Winter Tires vs Summer Tires: What’s the Difference and When to SwitchJune 4, 2018 12:17 pm
Anyone who’s ever spent time around cars knows that they are flexible machines that can be adapted to suit a variety of tasks and conditions. So it stands to reason that, as the seasons change from cold and wet to dry and warm, cars also need to be fitted to suit the conditions that they are being driven in. Luckily, getting your car ready for the summer is as simple as switching your tires once the last bits of winter melt away. Below you’ll find a handy guide to walk you through the process regardless of the skill level or experience you have with cars.
When to Switch
Choosing the right time to switch to summer tires can be quite difficult, as unpredictable weather often leads to wild swings in temperature and meteorological conditions. Still, most experts agree that having 10 days in a row of above-zero temperatures usually signifies a changing of the season. Don’t wait too long, otherwise you run the risk of damaging your winter tires by using them on dry and warm pavement. That’s because winter tires are engineered to work best in low temperatures and on ice and snow covered terrain. Summer tires, on the other hand, are made out of a hard rubber compound, and can take a lot of heat before incurring any damage.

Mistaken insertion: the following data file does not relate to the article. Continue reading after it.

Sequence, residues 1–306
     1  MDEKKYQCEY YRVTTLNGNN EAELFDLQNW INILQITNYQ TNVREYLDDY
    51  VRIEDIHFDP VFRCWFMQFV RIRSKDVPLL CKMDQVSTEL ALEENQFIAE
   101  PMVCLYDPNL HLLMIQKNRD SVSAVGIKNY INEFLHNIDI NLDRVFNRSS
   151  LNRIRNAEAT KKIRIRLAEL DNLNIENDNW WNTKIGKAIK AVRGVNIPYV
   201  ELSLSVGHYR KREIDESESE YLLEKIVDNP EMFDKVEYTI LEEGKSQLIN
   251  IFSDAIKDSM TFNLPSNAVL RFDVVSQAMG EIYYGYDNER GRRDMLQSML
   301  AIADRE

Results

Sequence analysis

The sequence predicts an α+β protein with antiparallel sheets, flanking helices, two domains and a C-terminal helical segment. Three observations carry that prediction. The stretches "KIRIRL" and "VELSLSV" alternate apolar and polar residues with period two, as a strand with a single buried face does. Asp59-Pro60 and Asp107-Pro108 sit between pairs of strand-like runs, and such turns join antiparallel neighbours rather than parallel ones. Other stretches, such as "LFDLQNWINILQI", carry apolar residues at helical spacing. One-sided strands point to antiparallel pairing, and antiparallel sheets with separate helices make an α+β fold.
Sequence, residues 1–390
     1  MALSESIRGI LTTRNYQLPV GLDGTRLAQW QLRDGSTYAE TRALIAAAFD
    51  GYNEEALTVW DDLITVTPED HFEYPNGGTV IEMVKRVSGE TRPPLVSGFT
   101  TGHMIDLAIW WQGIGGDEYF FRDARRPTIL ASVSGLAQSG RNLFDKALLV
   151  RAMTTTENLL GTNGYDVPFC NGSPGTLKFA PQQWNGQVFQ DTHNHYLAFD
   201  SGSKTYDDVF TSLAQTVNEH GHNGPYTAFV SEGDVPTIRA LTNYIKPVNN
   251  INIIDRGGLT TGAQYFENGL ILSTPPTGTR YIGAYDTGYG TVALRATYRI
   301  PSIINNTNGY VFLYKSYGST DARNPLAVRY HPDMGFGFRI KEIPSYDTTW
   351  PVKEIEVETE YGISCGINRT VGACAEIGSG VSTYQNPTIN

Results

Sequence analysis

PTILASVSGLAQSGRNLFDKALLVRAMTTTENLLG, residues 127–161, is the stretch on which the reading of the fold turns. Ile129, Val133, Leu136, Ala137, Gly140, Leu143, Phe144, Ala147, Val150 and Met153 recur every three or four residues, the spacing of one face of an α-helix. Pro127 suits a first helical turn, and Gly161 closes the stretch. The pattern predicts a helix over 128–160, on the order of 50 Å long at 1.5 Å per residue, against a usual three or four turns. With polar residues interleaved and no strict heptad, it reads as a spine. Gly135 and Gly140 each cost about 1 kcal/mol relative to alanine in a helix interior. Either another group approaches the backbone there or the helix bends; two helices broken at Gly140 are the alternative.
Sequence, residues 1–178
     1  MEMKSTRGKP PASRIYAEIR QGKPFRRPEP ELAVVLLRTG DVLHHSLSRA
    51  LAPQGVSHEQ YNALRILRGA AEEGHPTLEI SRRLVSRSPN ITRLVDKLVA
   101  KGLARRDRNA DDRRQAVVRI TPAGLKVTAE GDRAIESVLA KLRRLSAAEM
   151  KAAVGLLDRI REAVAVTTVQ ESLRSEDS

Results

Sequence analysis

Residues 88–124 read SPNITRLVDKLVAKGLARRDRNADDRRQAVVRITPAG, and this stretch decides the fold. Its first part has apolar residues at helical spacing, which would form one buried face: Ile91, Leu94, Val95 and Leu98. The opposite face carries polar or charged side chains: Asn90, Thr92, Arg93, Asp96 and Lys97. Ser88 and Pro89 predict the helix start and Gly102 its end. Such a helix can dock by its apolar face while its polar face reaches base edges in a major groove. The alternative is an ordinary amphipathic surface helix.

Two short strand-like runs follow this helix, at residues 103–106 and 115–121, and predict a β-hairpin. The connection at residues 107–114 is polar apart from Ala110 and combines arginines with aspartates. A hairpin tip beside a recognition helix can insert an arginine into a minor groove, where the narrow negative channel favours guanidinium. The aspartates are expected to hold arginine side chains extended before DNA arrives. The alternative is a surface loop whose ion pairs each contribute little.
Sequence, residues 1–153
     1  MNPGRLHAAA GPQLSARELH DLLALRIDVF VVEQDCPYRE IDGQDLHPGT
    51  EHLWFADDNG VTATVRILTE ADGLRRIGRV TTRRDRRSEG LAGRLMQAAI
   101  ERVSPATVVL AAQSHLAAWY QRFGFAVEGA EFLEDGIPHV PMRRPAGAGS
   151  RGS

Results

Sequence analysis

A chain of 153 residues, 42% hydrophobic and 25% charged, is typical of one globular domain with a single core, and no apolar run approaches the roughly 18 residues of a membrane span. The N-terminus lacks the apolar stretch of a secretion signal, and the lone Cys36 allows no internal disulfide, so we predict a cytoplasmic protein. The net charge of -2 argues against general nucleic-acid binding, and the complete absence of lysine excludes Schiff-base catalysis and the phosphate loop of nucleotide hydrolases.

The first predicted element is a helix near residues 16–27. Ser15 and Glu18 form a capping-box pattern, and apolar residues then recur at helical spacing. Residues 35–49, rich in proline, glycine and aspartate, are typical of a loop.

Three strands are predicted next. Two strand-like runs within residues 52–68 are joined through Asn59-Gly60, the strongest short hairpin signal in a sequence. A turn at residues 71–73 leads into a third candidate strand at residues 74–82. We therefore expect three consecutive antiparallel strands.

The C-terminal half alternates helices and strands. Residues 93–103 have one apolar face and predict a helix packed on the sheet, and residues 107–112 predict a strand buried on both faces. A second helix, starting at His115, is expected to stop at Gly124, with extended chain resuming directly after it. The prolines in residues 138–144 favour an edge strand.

Where to Find Summer Tires
Once you’ve decided to make the swap, the next step lies in figuring out where to get the appropriate tires from. You can, of course, purchase new ones, but they’ll be significantly more expensive and won’t offer all that many benefits compared to second-hand tires. If you’re looking for a great deal, be sure to visit one of the many U Pull & Pay self-service salvage yards that are scattered around the country. You can also shop online to find the prices available at each individual branch. What’s more, summer tires are useful in every part of the world, so they’re an investment that will always pay dividends.
How to Make the Swap
After you’ve selected the tires of your choice, it’s time to get cracking and make the actual tire swap happen. For this, you’ll need a proper car jack and a block of wood to prevent rolling. Be sure never to place any body part underneath your car and take the time to properly torque your new wheels on. Once they’ve been affixed, check for any differences in tire pressure before starting your vehicle. If need be, you can always outsource this job to a local garage or simply ask a handy friend to do it for you.
Now that you know the basics of switching winter tires for summer ones, you should have all the confidence you need to successfully go through this process if you haven’t done so already. Most regions have rules and deadlines in place governing the use of specific tire types at various points throughout the year, so be sure to do some adequate research and avoid incurring any potential penalties or fines along the way.
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This post was written by Jonathan Kling